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Losar Pilgrimage, Part II

Tso Pema (Rewalsar) is my favorite town on the continent. For now.

The drive to Tso Pema was pretty epic, and unfortunately none of my pictures of the tea plantations really came out. Also, these pictures just don’t do justice to the scale of the terraced farms (for winter wheat and mustard greens in the winter/spring, and rice in the summer/fall, apparently). But maybe you’ll see why the Tibetans say the Indians are like mountain goats—anywhere that it’s possible to live, no matter how high up the mountain, there are people living. And their terraces, and shacks selling chai and Maggi (basically masala-flavored instant ramen).



I’m going to miss this place. But not the carsickness.

This picture was taken in a town whose name escapes me, not far from Tso Pema, and beautifully demonstrates the flexibility of the English language here in India.


I’d have to agree. This is the best Hair Staylist Saloon I’ve ever seen.

So, Tso Pema itself. Much like Dharamsala, in inner section (here the street around the sacred lake) is primarily Tibetan, while the outer section (the street that connects to the main road) is primarily Indian and has shops selling all kinds of practical things. Unlike Dharamsala, this is what you see from all the way down the valley as you approach:


That’s Guru Rinpoche (Sanskrit name: Padmasambhava. Other Tibetan name: Orgyen Pema Jugne), the tantric master who was brought to Tibet because, although the king at the time and the Indian teacher Shantarakshita really wanted to establish Buddhism in Tibet, the local demons/gods/spirits weren’t letting that happen. So they called in Guru Rinpoche, who used his powers and pacified the demons of Tibet, making the land safe for the Dharma. And he has crazy eyes:


The story goes that, before coming to Tibet, Guru Rinpoche and his consort, the Indian princess Mandarava, were staying somewhere around here when the local king, not a Buddhist, decided he didn’t trust them and ordered them executed. So they built a big pile of wood, poured oil on it, and tied up Guru Rinpoche and Mandarava. The flames roared up and lasted for several days. But when they died down, it became clear that the oil had turned to water, forming the lake, and inside the lake were the two executes, sitting unharmed in a giant lotus flower. Nobody gave them any trouble after that.

But that’s not the only story going on here. Tso Pema (tso = “lake,” pema = “padme” = “lotus”) is the Tibetan name, but the Indian name is Rewalsar. Here it is said in the Mahabharata that the five Pandiva brothers and their mother hid here while exiled from their kingdom, before taking it back. Nearby there’s another lake, arrow-shaped, which one of the brothers formed by shooting an arrow into the mountain when they were thirsty. There’s also a Sikh gurdwara (temple) here, though I’m not entirely sure why.

Isn’t that fascinating—three religions coming together at one lake? It leads to an interesting assortment of people doing kora (circumambulating) the lake, though the Tibetans have really built big in the town, and most of the pilgrims we saw were either Tibetan or Himalayan—especially Kinnauris, easily distinguished by the green bands on their hats.

Here’s a view of the lake from the base of the statue. The yellow rooves from right to left are a Kagyu monastery, a Nyingma monastery, and a small shrine. The red building on the other side of the lake is another Kagyu monastery, and the large white structure is the Sikh gurdwara. Out of the frame to the left there are two Hindu shrines—lavender purple and pastel blue, if memory serves, and an enormous new Nyingma monastery on the opposite hillside. When I visited that one the monks and craftspeople were busily adding the finishing touches, painting the gold on the decorations, etc.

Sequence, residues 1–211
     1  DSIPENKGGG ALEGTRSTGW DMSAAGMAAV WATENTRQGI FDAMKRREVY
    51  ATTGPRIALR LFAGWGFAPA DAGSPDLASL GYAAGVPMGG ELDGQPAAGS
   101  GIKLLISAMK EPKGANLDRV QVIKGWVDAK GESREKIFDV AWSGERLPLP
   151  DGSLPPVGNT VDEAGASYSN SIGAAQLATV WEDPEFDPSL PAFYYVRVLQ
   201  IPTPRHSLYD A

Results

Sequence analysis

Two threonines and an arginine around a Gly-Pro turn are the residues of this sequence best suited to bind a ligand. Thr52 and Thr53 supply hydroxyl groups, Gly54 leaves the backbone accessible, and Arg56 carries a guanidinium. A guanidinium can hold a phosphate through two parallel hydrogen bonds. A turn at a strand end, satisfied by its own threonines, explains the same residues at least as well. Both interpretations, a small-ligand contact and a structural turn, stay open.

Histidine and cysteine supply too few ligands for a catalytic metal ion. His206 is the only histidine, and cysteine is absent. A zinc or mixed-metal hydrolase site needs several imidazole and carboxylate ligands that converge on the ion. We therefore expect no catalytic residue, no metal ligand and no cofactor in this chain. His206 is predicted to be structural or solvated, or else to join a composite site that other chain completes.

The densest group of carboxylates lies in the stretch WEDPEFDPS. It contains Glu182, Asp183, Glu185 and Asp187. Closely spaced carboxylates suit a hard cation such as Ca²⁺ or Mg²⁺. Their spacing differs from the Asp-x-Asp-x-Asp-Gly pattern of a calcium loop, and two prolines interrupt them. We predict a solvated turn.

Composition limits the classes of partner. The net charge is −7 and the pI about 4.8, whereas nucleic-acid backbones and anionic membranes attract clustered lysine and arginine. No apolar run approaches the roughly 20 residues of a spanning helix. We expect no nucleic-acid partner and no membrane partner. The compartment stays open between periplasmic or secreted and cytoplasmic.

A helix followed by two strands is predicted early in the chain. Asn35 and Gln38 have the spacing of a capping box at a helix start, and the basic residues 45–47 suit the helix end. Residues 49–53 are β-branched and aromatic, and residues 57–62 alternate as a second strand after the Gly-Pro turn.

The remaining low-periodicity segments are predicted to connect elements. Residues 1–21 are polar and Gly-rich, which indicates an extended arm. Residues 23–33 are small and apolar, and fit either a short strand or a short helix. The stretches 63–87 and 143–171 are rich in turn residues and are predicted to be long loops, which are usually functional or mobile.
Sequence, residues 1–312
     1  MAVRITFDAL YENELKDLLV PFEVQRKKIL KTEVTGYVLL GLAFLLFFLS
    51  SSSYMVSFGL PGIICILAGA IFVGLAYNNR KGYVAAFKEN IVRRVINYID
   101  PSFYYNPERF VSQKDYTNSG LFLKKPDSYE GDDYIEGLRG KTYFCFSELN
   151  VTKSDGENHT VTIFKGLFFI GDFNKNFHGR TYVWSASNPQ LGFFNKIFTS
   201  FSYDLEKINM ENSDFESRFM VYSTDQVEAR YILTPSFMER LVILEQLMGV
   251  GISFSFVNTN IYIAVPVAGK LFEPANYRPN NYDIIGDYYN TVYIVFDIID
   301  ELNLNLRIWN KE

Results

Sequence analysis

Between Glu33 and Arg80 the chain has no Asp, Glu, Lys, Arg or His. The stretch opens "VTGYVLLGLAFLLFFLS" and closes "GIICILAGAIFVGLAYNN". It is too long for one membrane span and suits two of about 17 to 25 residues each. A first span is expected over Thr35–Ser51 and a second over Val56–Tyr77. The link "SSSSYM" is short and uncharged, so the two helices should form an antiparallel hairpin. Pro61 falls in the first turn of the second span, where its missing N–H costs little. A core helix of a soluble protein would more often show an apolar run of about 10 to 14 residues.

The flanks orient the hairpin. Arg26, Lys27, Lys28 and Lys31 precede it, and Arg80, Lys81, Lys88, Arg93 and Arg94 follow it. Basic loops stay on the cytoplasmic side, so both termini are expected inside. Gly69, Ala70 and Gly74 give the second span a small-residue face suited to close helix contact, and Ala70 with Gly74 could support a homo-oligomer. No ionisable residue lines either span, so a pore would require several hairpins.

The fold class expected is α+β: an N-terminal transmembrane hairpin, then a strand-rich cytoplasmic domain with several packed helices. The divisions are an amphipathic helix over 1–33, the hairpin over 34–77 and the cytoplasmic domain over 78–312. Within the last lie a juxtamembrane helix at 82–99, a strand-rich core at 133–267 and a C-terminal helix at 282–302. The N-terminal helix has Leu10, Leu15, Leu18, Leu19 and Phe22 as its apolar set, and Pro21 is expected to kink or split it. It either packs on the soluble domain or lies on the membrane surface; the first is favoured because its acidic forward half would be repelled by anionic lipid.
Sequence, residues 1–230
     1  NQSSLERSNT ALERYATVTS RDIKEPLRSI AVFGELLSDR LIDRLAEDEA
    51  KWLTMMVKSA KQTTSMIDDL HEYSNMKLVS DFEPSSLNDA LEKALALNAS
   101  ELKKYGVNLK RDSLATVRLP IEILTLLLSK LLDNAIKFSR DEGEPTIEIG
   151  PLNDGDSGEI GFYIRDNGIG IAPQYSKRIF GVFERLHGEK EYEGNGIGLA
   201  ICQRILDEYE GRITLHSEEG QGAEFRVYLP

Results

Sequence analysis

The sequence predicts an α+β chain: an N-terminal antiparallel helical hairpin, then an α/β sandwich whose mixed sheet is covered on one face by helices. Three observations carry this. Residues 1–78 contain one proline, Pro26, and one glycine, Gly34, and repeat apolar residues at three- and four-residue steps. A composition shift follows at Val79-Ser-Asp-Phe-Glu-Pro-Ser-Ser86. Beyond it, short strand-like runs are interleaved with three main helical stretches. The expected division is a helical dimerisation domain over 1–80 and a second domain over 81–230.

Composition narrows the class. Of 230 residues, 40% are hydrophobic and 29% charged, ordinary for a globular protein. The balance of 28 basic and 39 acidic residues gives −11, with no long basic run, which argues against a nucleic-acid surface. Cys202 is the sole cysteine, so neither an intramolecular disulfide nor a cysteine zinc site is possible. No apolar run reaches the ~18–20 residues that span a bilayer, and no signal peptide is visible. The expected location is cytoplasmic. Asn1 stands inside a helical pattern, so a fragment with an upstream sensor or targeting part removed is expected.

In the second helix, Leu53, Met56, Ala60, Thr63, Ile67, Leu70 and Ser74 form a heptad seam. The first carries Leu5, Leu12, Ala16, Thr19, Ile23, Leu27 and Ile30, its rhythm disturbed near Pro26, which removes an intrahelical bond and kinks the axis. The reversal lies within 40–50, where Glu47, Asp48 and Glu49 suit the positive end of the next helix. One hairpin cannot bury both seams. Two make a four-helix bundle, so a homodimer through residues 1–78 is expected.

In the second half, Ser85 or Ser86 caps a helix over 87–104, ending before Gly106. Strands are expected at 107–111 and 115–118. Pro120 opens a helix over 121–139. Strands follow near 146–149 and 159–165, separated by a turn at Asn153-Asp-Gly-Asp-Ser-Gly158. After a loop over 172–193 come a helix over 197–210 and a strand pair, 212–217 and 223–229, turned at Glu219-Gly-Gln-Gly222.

The first place we visited was a large Hindu temple complex at the top of the mountain behind Guru Rinpoche. Our jeeps took us there, but it took us about the same length of time to walk down the stairs as to drive up the windy road:


Here’s the view from slightly below the temple. Tso Pema is off to the left, and the messy jumble of rocks and trees in the lower-left of the image is actually covered with prayer flags. That’s where we went.


It’s traditional to hang prayer flags on the third day of Losar, and this was only the first day, but the astrologers had said this was the more auspicious day. Who are we to disagree? Passang-la led the event by making a fire of juniper twigs over which he recited mantras and we passed our really long string of prayer flags (it was at least 70 feet once we’d tied everyone’s together). We wrote our names and those of others on the flags before hanging them to help direct some of the blessings that are still flying out to the gods as I write this.


It was really impressive how good these Tibetans are at hanging prayer flags—but they have practice enough to overcome their short stature. Phil had the honor of climbing the last pole to secure the end:


Another pretty view of the site and the surrounding mountain villages:


And this is the other side of that same spot, which is on top of/behind a small nunnery:


Inside the nunnery is a series of rooms in a cave where Guru Rinpoche and Mandarava are said to have meditated. Three chambers in, there’s a 12+ foot statue of the master himself which wasn’t really an appropriate place to photograph.

Nearby we stopped in to see the cave with what is supposed to be Guru Rinpoche’s footprint, tended by a yogin (dressed as a monk but with long dreadlocks; probably Kagyu or Nyingma) who’d been living there in a little hut for something like 18 years.

We walked around a nearby village and down the hill, passing this fellow and his goats:


Back at the hotel, I turned on the geyser (water heater, pronounced like “geezer”) for a shower. About an hour later, the tank was still warm… and there was a little lizard curled up for warmth. See his tail?